Below, our favorite stories of the week. Kindle and Readmill users, you can also get them as a Readlist.
Richard Lloyd Parry | London Review of Books | February 6, 2014 | 28 minutes (7,185 words)
The writer visits a Zen temple in Japan, where he meets with a priest who has been exorcising the spirits of people who had drowned in the 2011 tsunami and taken possession of the living. A story about loss and Japan’s cult of ancestors:
Over the course of last summer, Reverend Kaneda exorcised 25 spirits from Rumiko Takahashi. They came and went at the rate of several a week. All of them, after the wartime sailor, were ghosts of the tsunami. For Kaneda, the days followed a relentless routine. The telephone call from Rumiko would come in the early evening; at nine o’clock her fiancé would pull up in front of the temple and carry her out of the car. As many as three spirits would appear in a single session. Kaneda talked to each personality in turn, sometimes over several hours: he established their circumstances, calmed their fears and politely but firmly enjoined them to follow him towards the light. Kaneda’s wife would sit with Rumiko; sometimes other priests were present to join in with the prayers. In the early hours of the morning, Rumiko would be driven home. ‘Each time she would feel better, and go back to Sendai, and go to work,’ Kaneda told me. ‘But then after a few days, she’d be overwhelmed again.’ Out among the living, surrounded by the city, she would become conscious of the dead, a thousand importunate spirits pressing in on her and trying to get inside.
At the end of 1963, few people in America had heard of the Beatles. Then six weeks later, they blew up. Greenberg explains how the band finally broke through after multiple false starts trying to gain traction with radio airplay:
Transglobal licensed “She Loves You” to a tiny indie, Swan Records of Philadelphia, which released it stateside on Sept. 16. Swan had even less success with the Beatles than Vee-Jay: The song failed to chart at any station, and was roundly rejected by audiences when it was played at all. DJ Murray the K at WINS New York spun “She Loves You” on Sept. 28 in a five-way “battle of the hits,” where it came in third. He continued to play it every night for a week solid, but got no reaction. Swan convinced “American Bandstand,” which broadcast from the label’s hometown, to play the song in its “Rate a Record” segment, where it received a score of 73 out of 100. Worse, the teens on “Bandstand” laughed when host Dick Clark held up a photo of the moptopped Beatles. After that incident, Clark recalled, “I figured these guys were going nowhere.”
A man, deep in debt, hides in the woods of East Texas for several months, stealing from the residents of a small community:
Few residents were willing to discuss the run of break-ins—the sheriff estimates at least 35 in all—that spanned most of 2013. Dyes Kountry Katfish, the last spot in town where locals might gather to gossip about the mystery over iced teas and fried lunch, went out of business in 2011. But privately, in homes or at the school nearby in Woden, residents spun their theories. Popular opinion first blamed delinquent youth on spring break; investigators even pulled kids out of classrooms for questioning. The sheriff’s department rushed out for calls about suspicious vehicles that could be the thieves’ getaway cars. Deputies patrolled Melrose at night in unmarked cars and called in the Texas Department of Public Safety to fly over the area. But the break-ins continued—cars, homes and abandoned trailers—without a sign of the culprit. Cash and Social Security cards disappeared from wallets, but oddly, not checks or credit cards. The thief plucked food, guns and other tools of the outdoors from their homes, but perhaps most disturbingly, he robbed residents of the secluded security they prized above all.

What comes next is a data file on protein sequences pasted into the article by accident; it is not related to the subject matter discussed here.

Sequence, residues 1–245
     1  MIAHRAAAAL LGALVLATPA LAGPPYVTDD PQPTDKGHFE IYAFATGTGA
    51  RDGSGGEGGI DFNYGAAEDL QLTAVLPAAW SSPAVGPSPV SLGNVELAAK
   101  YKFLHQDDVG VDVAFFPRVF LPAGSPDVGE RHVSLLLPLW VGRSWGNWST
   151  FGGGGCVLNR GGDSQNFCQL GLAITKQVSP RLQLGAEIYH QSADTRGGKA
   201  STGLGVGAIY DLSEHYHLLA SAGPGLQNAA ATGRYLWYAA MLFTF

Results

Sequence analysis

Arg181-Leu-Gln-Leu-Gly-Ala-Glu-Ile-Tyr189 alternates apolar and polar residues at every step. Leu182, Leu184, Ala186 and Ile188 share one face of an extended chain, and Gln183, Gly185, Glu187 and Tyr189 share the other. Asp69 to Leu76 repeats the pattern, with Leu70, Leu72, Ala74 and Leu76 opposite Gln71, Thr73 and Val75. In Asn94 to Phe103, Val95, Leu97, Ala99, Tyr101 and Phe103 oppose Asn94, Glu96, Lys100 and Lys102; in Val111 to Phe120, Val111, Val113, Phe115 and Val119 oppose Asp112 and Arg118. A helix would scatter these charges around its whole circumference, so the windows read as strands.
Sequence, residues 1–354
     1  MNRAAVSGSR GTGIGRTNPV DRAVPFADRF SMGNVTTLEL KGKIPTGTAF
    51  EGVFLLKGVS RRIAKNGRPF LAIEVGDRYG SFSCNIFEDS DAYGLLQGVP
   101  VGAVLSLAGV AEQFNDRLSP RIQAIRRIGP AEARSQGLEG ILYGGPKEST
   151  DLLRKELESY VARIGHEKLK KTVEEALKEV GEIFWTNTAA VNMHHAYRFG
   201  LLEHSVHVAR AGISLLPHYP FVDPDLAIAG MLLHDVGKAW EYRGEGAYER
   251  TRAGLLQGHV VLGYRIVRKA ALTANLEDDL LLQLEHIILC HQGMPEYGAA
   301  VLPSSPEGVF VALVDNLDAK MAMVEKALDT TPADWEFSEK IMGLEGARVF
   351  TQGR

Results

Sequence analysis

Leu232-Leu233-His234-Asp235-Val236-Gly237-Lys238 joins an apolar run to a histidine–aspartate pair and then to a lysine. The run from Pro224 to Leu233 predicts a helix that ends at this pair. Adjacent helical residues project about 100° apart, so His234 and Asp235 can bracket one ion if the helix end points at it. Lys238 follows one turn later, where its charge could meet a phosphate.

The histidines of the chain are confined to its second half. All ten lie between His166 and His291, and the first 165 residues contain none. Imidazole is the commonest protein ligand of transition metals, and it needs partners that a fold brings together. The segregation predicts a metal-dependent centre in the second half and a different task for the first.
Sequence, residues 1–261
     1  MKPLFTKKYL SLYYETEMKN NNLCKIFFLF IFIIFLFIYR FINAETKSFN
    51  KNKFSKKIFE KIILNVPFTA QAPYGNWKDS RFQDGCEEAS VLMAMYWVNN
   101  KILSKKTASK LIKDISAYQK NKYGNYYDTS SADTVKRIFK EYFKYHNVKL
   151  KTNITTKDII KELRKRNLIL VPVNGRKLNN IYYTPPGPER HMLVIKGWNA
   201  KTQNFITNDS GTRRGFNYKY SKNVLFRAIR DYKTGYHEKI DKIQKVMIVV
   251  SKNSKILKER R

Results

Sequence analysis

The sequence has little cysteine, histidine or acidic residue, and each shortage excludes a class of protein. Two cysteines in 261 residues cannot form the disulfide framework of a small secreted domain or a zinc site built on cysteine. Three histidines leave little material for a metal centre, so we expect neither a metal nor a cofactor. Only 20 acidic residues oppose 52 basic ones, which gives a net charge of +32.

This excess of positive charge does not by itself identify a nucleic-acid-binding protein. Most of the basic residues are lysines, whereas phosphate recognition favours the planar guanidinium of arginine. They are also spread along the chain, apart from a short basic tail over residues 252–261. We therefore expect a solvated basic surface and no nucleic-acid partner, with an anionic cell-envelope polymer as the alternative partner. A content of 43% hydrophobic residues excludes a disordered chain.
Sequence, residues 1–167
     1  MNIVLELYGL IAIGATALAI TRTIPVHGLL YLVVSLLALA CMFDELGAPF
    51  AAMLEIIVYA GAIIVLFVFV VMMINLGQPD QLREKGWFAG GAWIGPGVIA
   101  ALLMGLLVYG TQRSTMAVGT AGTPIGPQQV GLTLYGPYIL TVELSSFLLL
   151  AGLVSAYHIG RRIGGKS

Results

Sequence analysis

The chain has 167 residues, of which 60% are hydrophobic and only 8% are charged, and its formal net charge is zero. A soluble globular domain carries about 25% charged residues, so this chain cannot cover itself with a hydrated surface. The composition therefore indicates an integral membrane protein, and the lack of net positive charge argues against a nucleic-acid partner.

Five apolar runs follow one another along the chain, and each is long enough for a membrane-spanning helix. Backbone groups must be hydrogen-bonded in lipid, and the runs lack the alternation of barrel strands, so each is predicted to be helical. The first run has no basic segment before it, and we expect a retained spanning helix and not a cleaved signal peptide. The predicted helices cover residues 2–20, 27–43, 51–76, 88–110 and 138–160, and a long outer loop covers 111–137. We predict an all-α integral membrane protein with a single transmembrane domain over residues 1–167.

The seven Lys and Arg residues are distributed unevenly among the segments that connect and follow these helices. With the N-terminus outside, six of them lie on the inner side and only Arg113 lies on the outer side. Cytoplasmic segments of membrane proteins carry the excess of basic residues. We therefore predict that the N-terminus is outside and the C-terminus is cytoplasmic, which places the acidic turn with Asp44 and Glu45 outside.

Jocelyn Y. Stewart | Narratively | February 6, 2014 | 18 minutes (4,505 words)
She spent two decades as a local reporter covering L.A.’s grisliest crimes. But when the victim is a member of her own family, she learns what hard news feels like from the other side:
Memories of that night are a mosaic: the flashing lights, police cars, yellow tape, and Lil Bit’s car, stopped in the middle of the intersection of Century and San Pedro, where the shooting took place. Then to the lobby of Harbor-UCLA Medical Center, where we multiply—more family, more friends. We form an entourage. A guard directs us to the hospital’s chapel, where the matriarchs of the family are sitting—Lil Bit’s grandmother, Alberta, and my mother, Ida. The room fills with us: aunts, uncle, sisters, brother, stepmother, cousin. Then his twin walks in, not knowing what has happened—until he looks around the room at everyone who has gathered, at everyone’s faces, and he knows. “No!” he says, and I remember wanting to make this go away, to bring Lil Bit back for all of us, but especially for him. Had I been reporting the story, I would have taken notes to remember the details, like the tears in the eyes of the hospital’s social worker as she talks to us.
Deanna Fei | Slate | February 9, 2014 | 6 minutes (1,689 words)
Author Deanna Fei speaks out on the fight to save the life of her daughter, who was born just five months into her pregnancy, at 1 lb., 9 oz.—and what happened when AOL CEO Tim Armstrong pointed to their family as a reason the company had to cut benefits:
I take issue with how he reduced my daughter to a “distressed baby” who cost the company too much money. How he blamed the saving of her life for his decision to scale back employee benefits. How he exposed the most searing experience of our lives, one that my husband and I still struggle to discuss with anyone but each other, for no other purpose than an absurd justification for corporate cost-cutting.
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